Tips for Beginning Birders

Bird watching is accessible to virtually anyone, anywhere, any time of year.

Birds can be found all year round, in all types of environments – backyards, woodlands, fields, beaches, parking lots, and even in large cities and small-town squares. You do not need to break the bank with a fancy set of binoculars or a zoom lens camera or have 10 birdfeeders in your yard. All you need is some time to sit still and keep your eyes and ears open! Elachee Nature Science Center encourages everyone to be a citizen scientist and birder during the Great Backyard Bird Count, February 12-15, 2021.

Test many or all the following tips as a citizen scientist during the annual Great Backyard Bird Count taking place February 12-15, 2021. Learn how you can help identify various species in the local area by reporting what you see in your own back yard, at school or work!

Visit to participate! Then, come out to Elachee Nature Science Center on February 13, 2021 for a bird-themed Discovery Saturday at Elachee

7 Birding Tips to Try Out

  • The best way to bird watch is to look and listen! You’ll be surprised by how many birds you alread know without ever looking it up online or in a guidebook. Look for coloration, size, silhouette, beak shape, and unique plumage. 
  • If you want to try birding by ear, which comes in handy because birds are often hidden from site by foliage or by the darkness at dawn and dusk, a great way to learn is to listen to recordings of the common species that you see all time and go from there. The National Zoo offers a great tool for learning common calls and song: Guide to North American Bird Songs and Sounds. In addition, for great tips on birding by ear, check out The Cornell Lab birding identification tool, How to Learn Bird Songs and Calls.
  • If you want to attract birds to your yard, a simple feeder with black oil sunflower seeds or another type of inexpensive seed will do the trick. Birds are also attracted to water sources, so having a small bird bath will attract even more species.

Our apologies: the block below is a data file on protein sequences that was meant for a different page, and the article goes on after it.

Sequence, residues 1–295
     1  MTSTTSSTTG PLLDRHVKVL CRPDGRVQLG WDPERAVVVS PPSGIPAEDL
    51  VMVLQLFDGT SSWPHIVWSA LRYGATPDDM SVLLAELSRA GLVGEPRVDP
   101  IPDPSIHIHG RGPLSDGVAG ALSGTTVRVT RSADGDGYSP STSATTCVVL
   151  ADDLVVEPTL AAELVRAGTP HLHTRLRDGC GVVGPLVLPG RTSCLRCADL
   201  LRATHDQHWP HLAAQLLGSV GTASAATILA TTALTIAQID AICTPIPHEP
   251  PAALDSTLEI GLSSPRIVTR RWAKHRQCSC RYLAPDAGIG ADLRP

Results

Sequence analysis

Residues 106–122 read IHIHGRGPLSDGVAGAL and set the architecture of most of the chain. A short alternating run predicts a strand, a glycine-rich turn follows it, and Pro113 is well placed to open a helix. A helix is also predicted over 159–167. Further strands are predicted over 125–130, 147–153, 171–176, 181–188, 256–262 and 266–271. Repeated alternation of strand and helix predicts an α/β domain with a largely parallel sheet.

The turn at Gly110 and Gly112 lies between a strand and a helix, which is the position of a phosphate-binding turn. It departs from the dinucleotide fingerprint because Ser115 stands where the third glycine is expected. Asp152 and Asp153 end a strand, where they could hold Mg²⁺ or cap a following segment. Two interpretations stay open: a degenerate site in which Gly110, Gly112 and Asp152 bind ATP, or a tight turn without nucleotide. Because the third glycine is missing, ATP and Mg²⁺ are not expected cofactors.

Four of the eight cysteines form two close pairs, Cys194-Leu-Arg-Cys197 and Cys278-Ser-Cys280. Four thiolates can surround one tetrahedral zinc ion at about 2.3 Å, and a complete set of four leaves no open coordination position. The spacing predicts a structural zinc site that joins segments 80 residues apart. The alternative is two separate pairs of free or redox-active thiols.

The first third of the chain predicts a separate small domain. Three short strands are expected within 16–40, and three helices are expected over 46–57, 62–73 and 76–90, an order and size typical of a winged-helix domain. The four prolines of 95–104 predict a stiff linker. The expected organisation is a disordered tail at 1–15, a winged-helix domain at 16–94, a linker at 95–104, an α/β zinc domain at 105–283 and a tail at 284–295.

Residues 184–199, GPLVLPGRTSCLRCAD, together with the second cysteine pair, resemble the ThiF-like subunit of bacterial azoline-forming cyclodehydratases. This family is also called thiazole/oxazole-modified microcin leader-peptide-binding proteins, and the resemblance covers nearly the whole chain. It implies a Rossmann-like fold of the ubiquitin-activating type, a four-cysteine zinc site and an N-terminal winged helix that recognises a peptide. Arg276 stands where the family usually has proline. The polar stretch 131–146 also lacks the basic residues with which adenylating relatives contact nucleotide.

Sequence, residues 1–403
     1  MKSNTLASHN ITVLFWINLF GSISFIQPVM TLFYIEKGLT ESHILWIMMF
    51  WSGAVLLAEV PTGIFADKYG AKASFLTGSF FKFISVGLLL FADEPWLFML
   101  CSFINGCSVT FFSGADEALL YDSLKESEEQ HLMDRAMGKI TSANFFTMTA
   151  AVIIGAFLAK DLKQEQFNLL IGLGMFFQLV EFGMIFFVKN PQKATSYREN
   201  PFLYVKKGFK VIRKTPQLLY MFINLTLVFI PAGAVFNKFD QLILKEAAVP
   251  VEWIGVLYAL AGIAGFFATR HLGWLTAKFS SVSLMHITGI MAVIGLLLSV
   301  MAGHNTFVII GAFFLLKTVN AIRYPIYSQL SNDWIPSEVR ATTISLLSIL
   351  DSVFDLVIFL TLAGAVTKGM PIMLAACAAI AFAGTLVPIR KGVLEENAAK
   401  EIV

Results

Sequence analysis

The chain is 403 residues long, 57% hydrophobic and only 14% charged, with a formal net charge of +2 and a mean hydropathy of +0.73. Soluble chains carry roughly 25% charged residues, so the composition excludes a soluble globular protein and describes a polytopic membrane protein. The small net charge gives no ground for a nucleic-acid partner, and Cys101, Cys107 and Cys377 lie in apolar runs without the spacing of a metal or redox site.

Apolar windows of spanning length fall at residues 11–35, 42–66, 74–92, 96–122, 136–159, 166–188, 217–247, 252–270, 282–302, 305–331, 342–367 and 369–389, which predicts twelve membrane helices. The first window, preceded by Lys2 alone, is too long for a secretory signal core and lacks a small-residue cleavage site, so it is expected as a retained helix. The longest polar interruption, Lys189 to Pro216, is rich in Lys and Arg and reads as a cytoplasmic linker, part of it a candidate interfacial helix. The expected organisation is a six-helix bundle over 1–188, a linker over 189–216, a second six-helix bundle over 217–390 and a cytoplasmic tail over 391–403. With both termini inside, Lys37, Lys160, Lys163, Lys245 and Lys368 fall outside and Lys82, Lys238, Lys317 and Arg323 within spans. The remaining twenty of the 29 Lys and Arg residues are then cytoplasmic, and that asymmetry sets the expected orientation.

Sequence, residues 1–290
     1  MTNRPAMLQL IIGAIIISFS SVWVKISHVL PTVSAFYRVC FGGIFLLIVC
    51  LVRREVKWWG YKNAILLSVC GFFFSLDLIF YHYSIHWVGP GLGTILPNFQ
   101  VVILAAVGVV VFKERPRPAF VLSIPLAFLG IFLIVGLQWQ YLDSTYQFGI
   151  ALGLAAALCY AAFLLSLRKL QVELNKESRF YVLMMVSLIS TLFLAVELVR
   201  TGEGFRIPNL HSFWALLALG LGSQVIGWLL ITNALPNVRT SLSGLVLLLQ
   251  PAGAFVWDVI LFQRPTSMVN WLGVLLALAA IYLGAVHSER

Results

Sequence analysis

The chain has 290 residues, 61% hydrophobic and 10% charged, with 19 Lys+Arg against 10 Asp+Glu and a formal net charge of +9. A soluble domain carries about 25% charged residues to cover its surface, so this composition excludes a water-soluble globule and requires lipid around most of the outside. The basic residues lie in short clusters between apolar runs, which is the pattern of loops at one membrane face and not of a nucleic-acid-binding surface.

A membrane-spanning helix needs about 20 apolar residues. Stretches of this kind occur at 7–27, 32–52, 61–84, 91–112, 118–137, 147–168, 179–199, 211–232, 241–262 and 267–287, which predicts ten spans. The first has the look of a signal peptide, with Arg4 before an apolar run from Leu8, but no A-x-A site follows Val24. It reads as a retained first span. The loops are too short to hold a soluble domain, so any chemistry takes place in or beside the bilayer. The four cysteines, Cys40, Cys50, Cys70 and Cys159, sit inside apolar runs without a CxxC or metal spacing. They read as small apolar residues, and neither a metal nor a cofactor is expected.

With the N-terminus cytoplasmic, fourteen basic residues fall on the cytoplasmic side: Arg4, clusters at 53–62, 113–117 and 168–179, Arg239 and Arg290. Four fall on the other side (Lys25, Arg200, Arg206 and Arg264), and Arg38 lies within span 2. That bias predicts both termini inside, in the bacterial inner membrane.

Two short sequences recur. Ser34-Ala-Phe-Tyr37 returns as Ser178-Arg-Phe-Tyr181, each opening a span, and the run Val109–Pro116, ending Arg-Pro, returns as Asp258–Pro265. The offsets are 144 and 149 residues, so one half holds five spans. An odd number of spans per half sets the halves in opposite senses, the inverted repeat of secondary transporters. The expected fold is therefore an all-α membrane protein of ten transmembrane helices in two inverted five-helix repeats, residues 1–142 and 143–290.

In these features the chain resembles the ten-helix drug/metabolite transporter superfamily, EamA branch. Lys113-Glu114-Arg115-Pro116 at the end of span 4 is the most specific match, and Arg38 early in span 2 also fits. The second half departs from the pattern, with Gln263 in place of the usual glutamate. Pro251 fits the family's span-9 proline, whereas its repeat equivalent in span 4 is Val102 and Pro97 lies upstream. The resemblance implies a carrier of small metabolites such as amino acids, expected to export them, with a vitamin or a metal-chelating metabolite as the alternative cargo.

• Birding is a test of patience! You will probably not automatically see a bunch of new species the minute you step out into the woods, and you may not see a single bird at all! Just like any new hobby or pursuit, it takes time and patience to build the knowledge base and skills. Luckily, there is plenty of solitude, fresh air, and quiet during birdwatching, and no pressure to win or be perfect!
  • Investing in a guidebook that works for you is key! Research the features of each option before you buy it, so you know it will work for your purposes. Don’t start out with a guidebook to the entire United States, trying to wade through over 1,000 species! Instead, start out with a guidebook that focuses on your state or region. A guidebook to species of the Southeast, for example, is a great way to start if you live around the Gainesville, Georgia area. Learn the layout of your guidebook and practice looking up birds by color, species and habitat (shorebirds vs. woodlands, etc.). The Merlin app by The Cornell Lab of Ornithology is also a great tool for birdwatching, allowing you to search species by site and sound. 
  • Create a ‘life list’ of birds that you hope to see one day – a birding bucket list! This is a great way to stay motivated to get out and bird, and you can take it with you when you travel to new places.
  • Once you really get into the hobby of birdwatching, a good pair of binoculars will become your best friend! There’s nothing quite like getting a bird in focus in your binocular view, that you’ve only heard but never seen, for the first time. 
  • Connect with your local bird watching community. Every state and many communities have bird watching clubs or groups. Birders are always happy to share information and tips with beginners! Trips organized by these groups can also greatly expand your knowledge base and help you check birds off your life list. You can also join a local bird watching group on Facebook, where you can post a photo of a species you need help identifying. 
  • The old saying is true, the early bird really does catch the worm! Because birds are diurnal, meaning they sleep at night and are active during the day, they wake up hungry and hunting for food in the early morning hours. Although you can see birds throughout the day, the best time for birding is in the early morning. Avoid noontime watching, as this is when birds are least active.

Elachee Nature Science Center promotes environmental understanding through education and conservation. Visit the ELACHEE CALENDAR for nature programming and seasonal events for lifelong learners, families and children. Questions? Call 770-535-1976.